From this perspective, whereas the strike and ensuing killing of 34 civilians may be an attempt to undermine the government’s credibility and standing amongst Turkey’s Kurdish population, Prime Minister Erdoğan’s increasingly militant speech concerning the Kurdish question may be a direct response to the Kemalist faction within the army in order to stress his government (and party)’s nationalist credentials. This newly-found belligerence is meant to both assuage pro-government sections within the army and maintain the allegiance of the Turkish electorate in the centre. Such strong rhetoric has been coupled with mass arrests and harassment against Kurdish civil society and, more importantly, large scale military action, including in Iraqi Kurdistan.

However, as the military option has repeatedly failed in the past to find a durable solution to Turkey’s Kurdish question, it is highly unlikely that enacting the same script will radically change the play’s end. That is, unless the Turkish government has a Sri Lankan option in mind and is ready to go all the way to eradicate the PKK, which seems tantamount to political suicide for the AKP as it would likely signify the end of Turkey’s EU membership aspirations.

Instead, Mr Erdoğan is treading a fine line between keeping the political centre in line, including pro-government sections of the army, without alienating the big part of the Kurdish population that voted for his party, whilst simultaneously isolating the PKK. This is where talk of foreign conspiracy comes in handy. The Prime Minister was fast to condemn ‘foreign powers’ meddling in Turkey’s internal affairs by supporting the PKK, whom he called a ‘subcontractor’ of such powers.[5]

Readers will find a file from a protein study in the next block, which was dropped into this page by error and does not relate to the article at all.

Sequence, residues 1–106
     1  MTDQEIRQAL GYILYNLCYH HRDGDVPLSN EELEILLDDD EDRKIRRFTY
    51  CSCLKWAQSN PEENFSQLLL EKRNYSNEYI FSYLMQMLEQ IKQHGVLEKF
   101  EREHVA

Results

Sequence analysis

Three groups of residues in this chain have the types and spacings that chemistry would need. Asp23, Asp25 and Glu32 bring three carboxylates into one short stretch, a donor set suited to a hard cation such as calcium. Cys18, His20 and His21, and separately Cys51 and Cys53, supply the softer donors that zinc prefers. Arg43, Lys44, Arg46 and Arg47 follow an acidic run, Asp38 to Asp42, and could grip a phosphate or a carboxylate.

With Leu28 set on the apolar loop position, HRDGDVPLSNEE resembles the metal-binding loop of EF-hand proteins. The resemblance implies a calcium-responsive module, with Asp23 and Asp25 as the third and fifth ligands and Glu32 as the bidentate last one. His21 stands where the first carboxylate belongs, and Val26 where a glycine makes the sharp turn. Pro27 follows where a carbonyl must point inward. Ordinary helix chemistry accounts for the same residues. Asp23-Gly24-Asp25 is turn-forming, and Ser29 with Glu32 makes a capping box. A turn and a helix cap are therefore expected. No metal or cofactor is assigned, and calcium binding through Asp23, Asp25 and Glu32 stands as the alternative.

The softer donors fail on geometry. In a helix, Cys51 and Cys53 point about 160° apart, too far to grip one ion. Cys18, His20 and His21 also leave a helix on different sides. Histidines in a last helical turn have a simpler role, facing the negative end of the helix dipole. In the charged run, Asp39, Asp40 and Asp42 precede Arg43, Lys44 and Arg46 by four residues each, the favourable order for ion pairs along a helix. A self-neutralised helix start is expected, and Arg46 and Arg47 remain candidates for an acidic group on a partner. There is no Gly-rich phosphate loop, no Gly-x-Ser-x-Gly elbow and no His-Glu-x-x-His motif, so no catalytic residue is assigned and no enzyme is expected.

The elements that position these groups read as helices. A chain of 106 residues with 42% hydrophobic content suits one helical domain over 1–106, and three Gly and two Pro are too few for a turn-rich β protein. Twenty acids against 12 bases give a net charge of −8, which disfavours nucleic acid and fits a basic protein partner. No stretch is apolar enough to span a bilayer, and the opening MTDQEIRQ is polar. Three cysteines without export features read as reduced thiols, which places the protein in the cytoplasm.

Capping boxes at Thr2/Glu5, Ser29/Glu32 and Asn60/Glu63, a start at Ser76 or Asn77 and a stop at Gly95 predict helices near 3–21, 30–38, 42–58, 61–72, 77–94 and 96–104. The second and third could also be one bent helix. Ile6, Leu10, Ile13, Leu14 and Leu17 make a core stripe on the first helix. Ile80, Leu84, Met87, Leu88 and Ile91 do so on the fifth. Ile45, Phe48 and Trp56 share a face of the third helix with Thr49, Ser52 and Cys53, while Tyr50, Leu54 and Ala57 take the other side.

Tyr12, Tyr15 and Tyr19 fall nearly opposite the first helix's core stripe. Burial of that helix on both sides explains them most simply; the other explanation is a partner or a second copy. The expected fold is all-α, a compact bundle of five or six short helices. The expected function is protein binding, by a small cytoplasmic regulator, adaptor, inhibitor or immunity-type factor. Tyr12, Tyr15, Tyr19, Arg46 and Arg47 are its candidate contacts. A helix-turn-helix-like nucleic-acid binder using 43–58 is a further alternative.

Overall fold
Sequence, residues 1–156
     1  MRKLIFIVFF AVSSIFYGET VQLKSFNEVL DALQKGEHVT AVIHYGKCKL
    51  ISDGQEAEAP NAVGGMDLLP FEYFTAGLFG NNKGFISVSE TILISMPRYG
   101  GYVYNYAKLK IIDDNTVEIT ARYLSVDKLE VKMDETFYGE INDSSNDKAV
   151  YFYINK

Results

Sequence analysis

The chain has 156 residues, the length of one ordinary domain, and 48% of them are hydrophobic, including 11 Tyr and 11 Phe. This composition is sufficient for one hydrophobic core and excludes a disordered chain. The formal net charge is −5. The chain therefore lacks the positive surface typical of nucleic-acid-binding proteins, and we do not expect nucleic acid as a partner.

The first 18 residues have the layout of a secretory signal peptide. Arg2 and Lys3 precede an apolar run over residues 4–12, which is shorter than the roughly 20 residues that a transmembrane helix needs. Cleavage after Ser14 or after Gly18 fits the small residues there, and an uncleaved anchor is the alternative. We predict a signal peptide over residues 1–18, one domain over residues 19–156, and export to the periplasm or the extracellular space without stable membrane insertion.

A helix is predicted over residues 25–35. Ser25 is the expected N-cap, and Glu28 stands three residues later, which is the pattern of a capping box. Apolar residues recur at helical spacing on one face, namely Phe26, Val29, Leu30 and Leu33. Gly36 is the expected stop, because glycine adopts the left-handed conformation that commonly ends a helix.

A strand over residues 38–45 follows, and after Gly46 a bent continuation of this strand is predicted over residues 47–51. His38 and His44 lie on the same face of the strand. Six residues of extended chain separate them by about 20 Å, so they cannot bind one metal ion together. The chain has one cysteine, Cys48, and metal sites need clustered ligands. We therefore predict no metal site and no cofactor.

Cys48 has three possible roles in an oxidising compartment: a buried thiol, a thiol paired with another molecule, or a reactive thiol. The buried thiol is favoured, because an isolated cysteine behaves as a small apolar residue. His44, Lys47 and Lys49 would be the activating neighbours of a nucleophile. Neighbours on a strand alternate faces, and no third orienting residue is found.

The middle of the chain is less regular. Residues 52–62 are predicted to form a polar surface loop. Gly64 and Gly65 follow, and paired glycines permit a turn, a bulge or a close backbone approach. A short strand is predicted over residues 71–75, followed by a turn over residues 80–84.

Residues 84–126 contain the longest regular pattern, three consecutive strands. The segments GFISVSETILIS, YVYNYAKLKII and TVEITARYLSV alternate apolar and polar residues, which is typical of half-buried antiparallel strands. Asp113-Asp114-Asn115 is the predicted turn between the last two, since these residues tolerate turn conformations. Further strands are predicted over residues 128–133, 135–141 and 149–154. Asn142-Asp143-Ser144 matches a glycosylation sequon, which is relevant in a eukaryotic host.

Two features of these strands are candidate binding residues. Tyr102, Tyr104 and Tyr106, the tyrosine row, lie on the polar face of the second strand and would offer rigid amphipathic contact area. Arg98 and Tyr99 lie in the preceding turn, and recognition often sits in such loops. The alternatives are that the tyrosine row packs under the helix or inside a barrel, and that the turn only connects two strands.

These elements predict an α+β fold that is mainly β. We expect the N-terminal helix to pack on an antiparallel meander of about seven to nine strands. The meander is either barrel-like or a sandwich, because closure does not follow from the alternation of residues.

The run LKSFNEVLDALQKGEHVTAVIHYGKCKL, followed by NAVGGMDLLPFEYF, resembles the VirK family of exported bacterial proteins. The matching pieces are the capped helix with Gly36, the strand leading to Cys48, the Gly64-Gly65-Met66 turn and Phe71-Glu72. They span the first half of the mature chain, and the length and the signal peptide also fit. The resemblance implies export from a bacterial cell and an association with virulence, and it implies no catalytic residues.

The background to such statements can be found in the current wave of revolutions sweeping the Arab world. Since it came to power in 2002, the AKP foreign policy has championed a zero-problem approach to Turkey’s neighbours, as expounded by former academic now turned Minister of Foreign Affairs Ahmed Davutoğlu. This stance, which combined close military-economic cooperation with Israel with friendly ties with countries such as Syria and Iran, started cracking at the seams during Israel’s Gaza war in 2008-9, only to come undone with the Arab Spring of revolutionary upheaval.

Thus, warm relations with the Syrian regime fast turned frosty when, after intense shuttle diplomacy that led nowhere, President Abdullah Gül stated that Turkey had ‘lost confidence’ in Assad on 28 August 2011. Please notice that such overt support for the Arab street in 2011, though praiseworthy, rings hollow if compared to the Turkish government’s silence during the violent repression of Iran’s ‘green revolution’ in 2009. However, it seems now obvious that Turkey’s friendship with the Iranian and Syrian regimes has become politically untenable.